Turnover rent – calculation

It is common for most shopping mall leases in Australia and elsewhere to include an element of turnover rent. It allows the landlord to receive, in addition to the base rent, a rent that is calculated on the basis of the actual turnover of the business conducted from the store to which the lease relates. In some instances the parties may have agreed that the rent payable under the lease is to be solely determined as a percentage of turnover.

Turnover rent – threshold

While the concept of turnover rent is not complicated, the following refresher will assist those who are unfamiliar with the concept and its calculation. The rationale behind turnover rent is simple, and if the tenant is successful and trades well then both the landlord and the tenant reap the benefit: the tenant enjoys the increase in sales and the landlord receives more rent. While some may disagree, the concept of turnover rent is often promoted as balancing the risk and the success between the landlord and the tenant.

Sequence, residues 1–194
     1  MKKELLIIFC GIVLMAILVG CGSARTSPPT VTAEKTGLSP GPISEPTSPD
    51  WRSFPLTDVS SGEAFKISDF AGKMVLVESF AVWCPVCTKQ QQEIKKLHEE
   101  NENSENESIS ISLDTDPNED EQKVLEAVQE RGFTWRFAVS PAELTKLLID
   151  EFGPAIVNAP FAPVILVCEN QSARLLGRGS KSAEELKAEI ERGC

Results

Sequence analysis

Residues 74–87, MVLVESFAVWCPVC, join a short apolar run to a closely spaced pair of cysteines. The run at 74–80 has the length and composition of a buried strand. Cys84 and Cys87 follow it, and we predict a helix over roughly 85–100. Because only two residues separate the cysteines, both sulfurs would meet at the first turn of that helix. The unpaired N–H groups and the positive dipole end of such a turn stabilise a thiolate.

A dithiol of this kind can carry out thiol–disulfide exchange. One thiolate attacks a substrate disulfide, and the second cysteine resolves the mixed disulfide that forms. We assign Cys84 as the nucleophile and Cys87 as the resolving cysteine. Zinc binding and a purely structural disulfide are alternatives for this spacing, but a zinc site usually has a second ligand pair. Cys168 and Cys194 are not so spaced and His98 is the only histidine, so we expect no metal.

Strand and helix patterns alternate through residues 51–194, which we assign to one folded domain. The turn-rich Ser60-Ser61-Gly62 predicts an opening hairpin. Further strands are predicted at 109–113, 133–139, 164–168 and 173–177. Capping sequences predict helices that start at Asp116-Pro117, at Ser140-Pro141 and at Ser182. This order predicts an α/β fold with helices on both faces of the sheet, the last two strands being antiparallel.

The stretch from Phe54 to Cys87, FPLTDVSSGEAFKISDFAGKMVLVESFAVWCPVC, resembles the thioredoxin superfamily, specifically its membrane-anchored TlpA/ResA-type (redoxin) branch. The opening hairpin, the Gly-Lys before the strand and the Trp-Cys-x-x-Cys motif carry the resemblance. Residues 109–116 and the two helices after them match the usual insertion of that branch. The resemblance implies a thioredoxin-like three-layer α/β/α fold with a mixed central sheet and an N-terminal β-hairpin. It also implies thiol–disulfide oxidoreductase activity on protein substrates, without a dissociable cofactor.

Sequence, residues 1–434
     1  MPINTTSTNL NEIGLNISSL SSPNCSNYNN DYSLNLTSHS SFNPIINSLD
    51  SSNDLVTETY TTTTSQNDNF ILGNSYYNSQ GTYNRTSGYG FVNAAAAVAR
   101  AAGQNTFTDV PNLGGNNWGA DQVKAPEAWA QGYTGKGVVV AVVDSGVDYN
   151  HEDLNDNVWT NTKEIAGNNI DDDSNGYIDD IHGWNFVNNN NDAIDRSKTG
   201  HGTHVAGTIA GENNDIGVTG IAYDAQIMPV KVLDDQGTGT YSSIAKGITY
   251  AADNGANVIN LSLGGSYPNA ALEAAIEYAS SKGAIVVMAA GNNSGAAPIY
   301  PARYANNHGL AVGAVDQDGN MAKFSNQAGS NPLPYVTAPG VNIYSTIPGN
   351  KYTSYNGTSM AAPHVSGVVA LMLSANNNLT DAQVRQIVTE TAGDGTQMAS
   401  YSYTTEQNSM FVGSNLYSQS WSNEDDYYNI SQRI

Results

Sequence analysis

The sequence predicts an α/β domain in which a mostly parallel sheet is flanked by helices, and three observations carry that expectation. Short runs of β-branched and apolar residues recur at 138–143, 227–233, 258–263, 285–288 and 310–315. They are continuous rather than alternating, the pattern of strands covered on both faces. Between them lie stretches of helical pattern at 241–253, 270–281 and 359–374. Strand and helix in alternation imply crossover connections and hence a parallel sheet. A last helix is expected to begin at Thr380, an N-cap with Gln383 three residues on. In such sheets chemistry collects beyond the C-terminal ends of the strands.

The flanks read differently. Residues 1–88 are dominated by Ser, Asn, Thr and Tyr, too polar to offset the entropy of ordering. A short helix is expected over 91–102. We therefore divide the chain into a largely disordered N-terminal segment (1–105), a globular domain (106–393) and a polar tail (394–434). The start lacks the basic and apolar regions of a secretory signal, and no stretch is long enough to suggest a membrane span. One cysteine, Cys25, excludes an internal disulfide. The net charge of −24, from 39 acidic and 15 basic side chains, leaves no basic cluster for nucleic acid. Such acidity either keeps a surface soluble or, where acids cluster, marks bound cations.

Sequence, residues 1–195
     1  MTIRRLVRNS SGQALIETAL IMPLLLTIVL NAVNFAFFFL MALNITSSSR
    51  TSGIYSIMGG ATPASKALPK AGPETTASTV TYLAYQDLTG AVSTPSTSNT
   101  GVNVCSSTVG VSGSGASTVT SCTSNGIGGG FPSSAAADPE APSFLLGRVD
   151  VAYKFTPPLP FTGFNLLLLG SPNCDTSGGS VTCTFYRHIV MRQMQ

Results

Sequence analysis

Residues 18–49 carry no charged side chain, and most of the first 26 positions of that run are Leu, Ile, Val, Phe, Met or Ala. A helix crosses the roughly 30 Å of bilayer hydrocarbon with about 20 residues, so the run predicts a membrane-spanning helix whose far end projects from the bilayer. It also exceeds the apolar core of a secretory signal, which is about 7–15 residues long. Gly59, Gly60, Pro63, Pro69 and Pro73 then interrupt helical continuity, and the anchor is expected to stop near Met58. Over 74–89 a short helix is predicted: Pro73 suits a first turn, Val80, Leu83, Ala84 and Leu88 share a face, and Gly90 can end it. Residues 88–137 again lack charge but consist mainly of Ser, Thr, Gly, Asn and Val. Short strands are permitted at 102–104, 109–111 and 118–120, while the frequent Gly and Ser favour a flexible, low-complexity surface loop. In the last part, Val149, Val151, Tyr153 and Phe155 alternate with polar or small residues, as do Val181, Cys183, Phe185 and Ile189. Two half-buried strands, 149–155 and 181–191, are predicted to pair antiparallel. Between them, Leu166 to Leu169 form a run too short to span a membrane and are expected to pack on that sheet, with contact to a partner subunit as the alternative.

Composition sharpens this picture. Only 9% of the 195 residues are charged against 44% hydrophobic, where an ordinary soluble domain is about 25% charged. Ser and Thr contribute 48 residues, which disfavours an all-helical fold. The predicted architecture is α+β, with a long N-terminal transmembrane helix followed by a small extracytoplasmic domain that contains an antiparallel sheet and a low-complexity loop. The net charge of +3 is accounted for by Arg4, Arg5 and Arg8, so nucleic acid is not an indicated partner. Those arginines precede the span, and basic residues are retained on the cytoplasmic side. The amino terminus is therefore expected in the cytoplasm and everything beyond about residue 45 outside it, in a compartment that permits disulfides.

Where turnover rent is a commercial term the parties will agree the threshold above which turnover rent will be payable. The threshold may be a natural threshold calculated having regard to the base rent or a specific threshold agreed by the parties and having no relationship to the actual base rent.

To calculate a natural threshold you divide the base rent by the percentage agreed for the calculation of turnover rent. For example, if the base rent is $200,000 and turnover rent is 10% of gross sales the natural threshold is determined by dividing the base rent by the percentage which equals a natural threshold of $2 million. The higher the base rent the higher the threshold.

The tenant will pay 10% of gross sales insofar as the gross sales exceed the $2-million threshold. The turnover rent is payable to the extent that the percentage of gross sales from the store exceed the base rent. So if the gross sales equal $2.5 million, the tenant will pay $200,000 base rent plus turnover rent equal to $50,000. If gross sales do not exceed the threshold then the tenant only pays base rent. It is possible that the tenant’s gross sales may never exceed the threshold.

Meaning of ‘gross sales’